Update: Quality indicators for Pre-K

This morning I had the opportunity to attend a demonstration of a new assessment tool for Pre-K developed by the AppleTree Institute for Education Innovation, hosted by the Fight for Children and the Early Childhood Academy Public Charter School. The new tool is called Quality Indicators and grew out of work done by AppleTree under a federal grant from the Early Reading First Program, so it's based largely around language and literacy, which researchers have shown to be key predictors of a child's success in school. AppleTree which was just selected as a recipient of an i3 development grant from the Department of Education to expand upon this work and pilot the tool in its 3 schools (more about that announcement here).

Quality indicators is a progress monitoring tool, rather than an end of year or semester assessment. It's meant to be used as a means of ongoing assessment throughout the year that can spark constructive discussion and development of a teacher's performance in the classroom.

I'm not a technical person or an educator, so I'll leave it to the folks at AppleTree to get more into the nitty gritty of the tool and how it compares to other assessment systems that are already out there. The best way I can think to describe it is a matrix. There are 20 Quality Indicators, including things like Student Engagement; Meaningful, Relevant Instruction; Language Instruction; Literacy Instruction; Writing Instruction; Time Management; Classroom Organization (you get the picture). Underneath each indicator are more specific measures (I guess you could call them sub-indicators). For instance, under Writing Instruction, you have Drawing Attention to Print; Explicit Instruction; and Incorporating Writing. Teachers are scored against this grid on a 6-point scale -- a 1 for Insufficient or Rarely and 6 for Consistently or Systematic demonstration of the ideal behavior. 

For the demonstration, members of the audience -- mainly teachers and center directors -- were presented with various descriptions of classroom scenarios and asked to determine which Quality Indicator was most relevant and later, to score the teacher against the matrix. I happened to be the only non-educator at my table, and let's just say my brain is matrix-challenged. With so many indicators, it was difficult to quickly identify which was most relevant, and the four of us often disagreed. After we went over the responses with the entire room, it quickly became clear that there would rarely, if ever, be one right answer. The presenters agreed that while there can be many right answers, some are more on the mark than others. (And I figure it would take more practice to grasp the best answer immediately.) 

My take is that Quality Indicators is a useful framework to guide meaningful discussions about what makes teachers of Pre-K effective in the classroom and a means to engage teachers in self-reflection and improvement. But if test scores represent the most objective measure we have to gauge teacher performance, this would be at the far other end of the spectrum -- something much more flexible and multidimensional, but also very subjective.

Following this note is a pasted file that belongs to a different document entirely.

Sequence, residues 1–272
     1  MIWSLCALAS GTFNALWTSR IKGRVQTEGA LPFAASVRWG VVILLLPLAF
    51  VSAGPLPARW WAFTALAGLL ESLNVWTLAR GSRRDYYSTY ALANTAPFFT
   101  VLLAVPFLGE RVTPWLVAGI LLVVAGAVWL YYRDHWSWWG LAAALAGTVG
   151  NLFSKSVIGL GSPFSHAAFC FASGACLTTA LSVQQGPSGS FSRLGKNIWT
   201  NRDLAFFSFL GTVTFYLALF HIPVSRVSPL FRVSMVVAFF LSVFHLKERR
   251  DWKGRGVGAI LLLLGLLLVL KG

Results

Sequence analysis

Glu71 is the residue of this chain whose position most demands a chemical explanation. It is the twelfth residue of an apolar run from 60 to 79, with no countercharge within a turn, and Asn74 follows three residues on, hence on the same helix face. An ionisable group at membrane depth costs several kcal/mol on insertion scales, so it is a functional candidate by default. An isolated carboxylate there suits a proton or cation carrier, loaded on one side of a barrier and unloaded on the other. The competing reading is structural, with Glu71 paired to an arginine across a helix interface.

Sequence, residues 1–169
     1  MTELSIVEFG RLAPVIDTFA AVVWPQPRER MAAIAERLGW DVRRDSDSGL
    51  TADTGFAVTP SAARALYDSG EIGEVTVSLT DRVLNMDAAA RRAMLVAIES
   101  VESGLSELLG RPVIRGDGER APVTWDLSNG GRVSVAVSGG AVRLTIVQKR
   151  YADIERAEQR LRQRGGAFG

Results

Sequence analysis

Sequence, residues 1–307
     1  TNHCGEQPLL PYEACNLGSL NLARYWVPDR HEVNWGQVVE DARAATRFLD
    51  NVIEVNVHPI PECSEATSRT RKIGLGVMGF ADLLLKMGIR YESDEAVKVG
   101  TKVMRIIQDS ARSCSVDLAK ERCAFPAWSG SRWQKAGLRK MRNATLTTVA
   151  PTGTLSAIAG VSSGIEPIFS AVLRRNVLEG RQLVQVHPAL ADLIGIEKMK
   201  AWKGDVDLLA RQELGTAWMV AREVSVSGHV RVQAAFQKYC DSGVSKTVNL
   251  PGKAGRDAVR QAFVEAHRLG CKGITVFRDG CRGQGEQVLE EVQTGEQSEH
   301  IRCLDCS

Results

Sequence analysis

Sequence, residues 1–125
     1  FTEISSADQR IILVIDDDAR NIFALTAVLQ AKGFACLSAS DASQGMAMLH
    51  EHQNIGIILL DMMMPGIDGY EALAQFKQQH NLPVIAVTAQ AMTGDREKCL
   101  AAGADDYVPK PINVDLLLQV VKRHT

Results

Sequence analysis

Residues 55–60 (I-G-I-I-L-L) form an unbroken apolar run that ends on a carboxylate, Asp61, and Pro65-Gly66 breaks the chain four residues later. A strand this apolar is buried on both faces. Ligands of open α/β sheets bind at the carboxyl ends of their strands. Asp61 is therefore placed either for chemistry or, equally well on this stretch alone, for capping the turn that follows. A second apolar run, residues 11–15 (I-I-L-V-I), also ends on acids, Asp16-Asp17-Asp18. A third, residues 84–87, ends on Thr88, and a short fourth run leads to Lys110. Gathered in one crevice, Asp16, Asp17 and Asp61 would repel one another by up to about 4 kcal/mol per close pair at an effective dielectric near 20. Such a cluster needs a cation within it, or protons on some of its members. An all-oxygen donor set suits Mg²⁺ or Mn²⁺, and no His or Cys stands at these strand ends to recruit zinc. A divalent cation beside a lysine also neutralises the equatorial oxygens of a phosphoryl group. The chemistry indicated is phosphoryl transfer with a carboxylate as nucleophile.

That said, it was quite amazing to me how the educators at my table quickly reached a consensus when it came to scoring a teacher in a short classroom video. Watching the video, I quickly formed the impression that I was observing a highly effective Pre-K teacher. She was very energetic and upbeat. She led the students in a participatory song (something like "If you're happy and you know it, clap your hands"), prompted them to guess why many of their classmates were missing that day, which led to a discussion of the weather (it was pouring) and then did a brief lesson about reading a calendar (it was the first day of February). The children seemed engaged and excited. When it was over, we were asked to rate the teacher on one of the indicators.

I quickly rated her a 6 out of 6. The rest of the table was silent, taking more time to be critical about her performance. Eventually, withdrawing my high score, the table settled on giving her a 2! They agreed that she missed many opportunities to engage in more explicit instruction, wasted time by taking attendance twice and tried to teach many concepts rather than focusing on getting children to master one. Across the room, the ratings were similarly low --often even lower than what the experts had come up with. 

I've always known that being a teacher is one of the most challenging jobs -- and also one of the most important. I've also always understood why teachers bristle at assessments that may not take every factor into consideration. But I guess what I took away from this morning's session is that teachers are probably also their own harshest critics. By involving multiple observers and multiple observations (45-minute sessions), Quality Indicators probably accounts for that. No matter how good we feel about ourselves, it's always tough to scrutinize yourself in the mirror -- especially if you are looking for flaws and are being videotaped! But without such tools for reflection, we are leaving our teachers to fly blind in the classroom. High-quality, multi-dimensional assessments that engage teachers like Quality Indicators can make a big difference in early learning in a way that is constructive for both teachers and students.